Chang-Diaz backs green new deal
Democrat gubernatorial candidate backs fare-free T
ADVOCATES FOR a “green new deal” in Massachusetts gained another major backer on Thursday, as Democratic gubernatorial candidate Sonia Chang-Diaz came out in support of fare-free public transit and rapid deployment of offshore wind, solar, and electricity storage to make the regional power grid run on 100 percent renewable energy by 2030.
The positions of Chang-Diaz, a state senator from Jamaica Plain, are similar to those of Ben Downing, a former senator and another progressive in the Democratic race for governor who similarly is calling for fare free transit and a quick shift to all renewable energy. Both favor policies that are far more aggressive than what the administration of Republican Gov. Charlie Baker is pursuing.
Chang-Diaz and Downing both call for eliminating fares on buses across the state in their first year in office. Both also favor eliminating fares across the MBTA, with Downing promising to get the job done by the end of his first term. Both candidates also back East-West rail service and regional rail, a concept that favors commuter rail trains running every 15 to 30 minutes across the entire day. Most commuter rail trains currently run on the hour.
Both Democrats favor electrification of buses and commuter rail. Their timetables are similar, although Downing seeks full electrification of the commuter rail system by 2030 while Chang-Diaz sets a 2040 target date.
The policy outlines of the two candidates are big on ambitious goals but skimpy on details about how to reach them. They portray the shift to clean energy and fare-free transit as transitions with environmental and economic benefits for society at large and particularly for low-income communities of color.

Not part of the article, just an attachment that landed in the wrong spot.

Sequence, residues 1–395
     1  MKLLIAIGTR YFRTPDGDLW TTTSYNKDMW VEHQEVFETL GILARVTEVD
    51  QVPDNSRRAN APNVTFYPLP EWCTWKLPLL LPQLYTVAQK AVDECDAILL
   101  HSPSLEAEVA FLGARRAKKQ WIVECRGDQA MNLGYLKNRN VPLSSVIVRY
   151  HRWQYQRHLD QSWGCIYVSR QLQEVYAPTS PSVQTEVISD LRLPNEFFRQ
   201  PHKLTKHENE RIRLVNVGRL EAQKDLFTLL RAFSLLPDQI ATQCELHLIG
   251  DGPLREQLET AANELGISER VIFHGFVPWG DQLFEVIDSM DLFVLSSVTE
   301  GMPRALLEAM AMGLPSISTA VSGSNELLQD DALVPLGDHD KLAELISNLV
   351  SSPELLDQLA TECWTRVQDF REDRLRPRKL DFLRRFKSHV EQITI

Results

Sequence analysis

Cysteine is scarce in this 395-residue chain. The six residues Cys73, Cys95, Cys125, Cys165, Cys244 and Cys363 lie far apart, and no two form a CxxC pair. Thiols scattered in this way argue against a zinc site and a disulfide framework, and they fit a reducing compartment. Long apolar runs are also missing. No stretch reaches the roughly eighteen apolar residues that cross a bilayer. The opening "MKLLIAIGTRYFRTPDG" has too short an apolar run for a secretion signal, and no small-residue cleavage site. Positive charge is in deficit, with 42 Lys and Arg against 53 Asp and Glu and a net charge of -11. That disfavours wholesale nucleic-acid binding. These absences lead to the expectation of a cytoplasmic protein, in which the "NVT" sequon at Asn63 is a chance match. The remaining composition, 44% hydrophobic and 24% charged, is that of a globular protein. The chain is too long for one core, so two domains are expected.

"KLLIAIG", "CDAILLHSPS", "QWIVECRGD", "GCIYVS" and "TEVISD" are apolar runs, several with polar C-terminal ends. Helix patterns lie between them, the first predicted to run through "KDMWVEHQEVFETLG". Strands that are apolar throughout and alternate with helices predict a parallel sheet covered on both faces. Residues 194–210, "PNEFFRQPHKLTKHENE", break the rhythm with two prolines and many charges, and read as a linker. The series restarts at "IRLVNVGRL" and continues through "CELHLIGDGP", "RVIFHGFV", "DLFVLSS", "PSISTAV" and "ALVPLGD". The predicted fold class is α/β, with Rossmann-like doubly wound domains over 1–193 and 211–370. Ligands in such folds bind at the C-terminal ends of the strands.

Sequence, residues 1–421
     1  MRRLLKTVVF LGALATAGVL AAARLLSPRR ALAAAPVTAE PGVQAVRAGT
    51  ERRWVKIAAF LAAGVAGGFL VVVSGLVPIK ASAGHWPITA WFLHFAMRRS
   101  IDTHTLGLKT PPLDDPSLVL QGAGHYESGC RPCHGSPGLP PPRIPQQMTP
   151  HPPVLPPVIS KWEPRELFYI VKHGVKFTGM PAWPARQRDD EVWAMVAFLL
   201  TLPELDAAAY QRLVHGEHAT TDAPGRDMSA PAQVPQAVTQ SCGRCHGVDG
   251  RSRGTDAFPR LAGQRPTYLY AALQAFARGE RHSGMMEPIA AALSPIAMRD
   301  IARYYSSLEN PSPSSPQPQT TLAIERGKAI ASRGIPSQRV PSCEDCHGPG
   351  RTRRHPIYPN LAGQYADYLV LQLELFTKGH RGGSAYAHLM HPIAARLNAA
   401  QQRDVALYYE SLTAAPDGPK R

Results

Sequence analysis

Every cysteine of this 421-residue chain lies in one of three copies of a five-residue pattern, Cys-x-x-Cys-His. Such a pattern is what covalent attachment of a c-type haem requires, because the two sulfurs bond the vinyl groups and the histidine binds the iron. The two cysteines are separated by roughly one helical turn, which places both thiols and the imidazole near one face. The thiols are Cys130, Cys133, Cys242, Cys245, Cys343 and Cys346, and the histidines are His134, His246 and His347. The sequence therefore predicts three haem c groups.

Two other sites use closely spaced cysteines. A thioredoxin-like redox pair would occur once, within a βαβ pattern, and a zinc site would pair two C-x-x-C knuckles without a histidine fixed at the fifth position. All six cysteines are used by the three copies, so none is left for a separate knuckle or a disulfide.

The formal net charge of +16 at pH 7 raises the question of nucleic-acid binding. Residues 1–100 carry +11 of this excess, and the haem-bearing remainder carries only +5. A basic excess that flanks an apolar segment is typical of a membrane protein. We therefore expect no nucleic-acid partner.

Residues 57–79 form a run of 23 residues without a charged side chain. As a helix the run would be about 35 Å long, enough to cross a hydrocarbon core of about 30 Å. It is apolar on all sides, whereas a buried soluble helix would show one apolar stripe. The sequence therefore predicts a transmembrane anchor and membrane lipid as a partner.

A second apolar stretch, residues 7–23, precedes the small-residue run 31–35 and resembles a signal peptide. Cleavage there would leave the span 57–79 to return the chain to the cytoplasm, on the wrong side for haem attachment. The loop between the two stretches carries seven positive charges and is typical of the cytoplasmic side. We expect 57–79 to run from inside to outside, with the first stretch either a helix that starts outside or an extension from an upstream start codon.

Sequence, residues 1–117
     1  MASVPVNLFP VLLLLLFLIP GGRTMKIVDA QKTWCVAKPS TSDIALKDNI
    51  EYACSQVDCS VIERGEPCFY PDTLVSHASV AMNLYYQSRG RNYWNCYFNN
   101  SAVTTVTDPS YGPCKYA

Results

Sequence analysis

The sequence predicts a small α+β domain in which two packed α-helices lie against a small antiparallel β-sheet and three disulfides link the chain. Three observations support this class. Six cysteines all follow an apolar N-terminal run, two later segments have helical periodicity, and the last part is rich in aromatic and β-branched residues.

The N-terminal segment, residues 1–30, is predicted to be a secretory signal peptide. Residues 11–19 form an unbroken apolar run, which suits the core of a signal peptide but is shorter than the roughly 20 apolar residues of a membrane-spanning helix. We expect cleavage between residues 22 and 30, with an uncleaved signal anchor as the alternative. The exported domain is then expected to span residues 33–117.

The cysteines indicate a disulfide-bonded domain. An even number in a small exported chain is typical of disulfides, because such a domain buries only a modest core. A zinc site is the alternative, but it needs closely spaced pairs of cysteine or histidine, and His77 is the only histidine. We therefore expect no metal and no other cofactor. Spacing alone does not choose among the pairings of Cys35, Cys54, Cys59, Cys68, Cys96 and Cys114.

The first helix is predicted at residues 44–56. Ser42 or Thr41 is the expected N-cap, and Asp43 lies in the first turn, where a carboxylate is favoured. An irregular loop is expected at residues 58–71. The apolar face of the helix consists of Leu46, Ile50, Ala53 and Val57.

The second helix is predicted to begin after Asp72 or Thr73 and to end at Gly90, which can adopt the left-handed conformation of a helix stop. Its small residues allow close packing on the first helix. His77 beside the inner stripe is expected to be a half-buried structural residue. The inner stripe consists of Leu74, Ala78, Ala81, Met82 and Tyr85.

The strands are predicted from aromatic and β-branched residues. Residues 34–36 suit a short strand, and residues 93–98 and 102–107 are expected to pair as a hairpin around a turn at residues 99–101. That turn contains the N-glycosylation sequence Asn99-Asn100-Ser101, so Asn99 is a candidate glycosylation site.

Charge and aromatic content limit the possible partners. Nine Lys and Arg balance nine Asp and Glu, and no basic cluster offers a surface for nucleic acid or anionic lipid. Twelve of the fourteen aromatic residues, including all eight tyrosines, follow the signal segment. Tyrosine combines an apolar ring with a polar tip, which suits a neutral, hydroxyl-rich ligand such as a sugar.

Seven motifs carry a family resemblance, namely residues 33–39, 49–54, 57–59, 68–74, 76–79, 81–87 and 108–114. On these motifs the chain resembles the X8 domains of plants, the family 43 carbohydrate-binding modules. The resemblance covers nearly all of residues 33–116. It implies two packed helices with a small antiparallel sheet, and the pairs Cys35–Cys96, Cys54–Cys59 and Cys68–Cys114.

“A combination of onshore and offshore wind and large- and small-scale solar, together with energy storage, is capable of meeting all of our energy needs in the Commonwealth and then some: indeed, estimates suggest that offshore wind alone could generate more than 19 times as much electricity as Massachusetts currently consumes on an annual basis. Massachusetts has all the natural resources it needs to power our future with clean, renewable power,” says Chang-Diaz’s green new deal outline,
But Chang-Diaz’s plan to move the power grid to 100 percent clean energy by 2030 would be an incredible challenge. Vineyard Wind, the nation’s first industrial-size offshore wind farm, began construction this year and is not scheduled to start producing power until 2023. The state’s second wind farm — Mayflower Wind — hasn’t even won final regulatory approval yet.
Chang-Diaz indicated she favors a home-grown energy industry and wouldn’t pursue imports of Canadian hydroelectricity, as the Baker administration is doing. “We don’t have to depend on energy generated in another country,” she said in an interview.
Chang-Diaz said the experts she has consulted insist Massachusetts can meet the timetables she is setting. “We need to walk and chew gum at the same time,” she said. “We have the technology for this. We have the know-how. The missing piece on all of this is not the technology but the political will.”She said she has helped lead reforms on Beacon Hill of the criminal justice and education systems, and is prepared to do the same for transportation and energy.
“I’m convinced it’s possible, but it’s not going to be easy,” she said.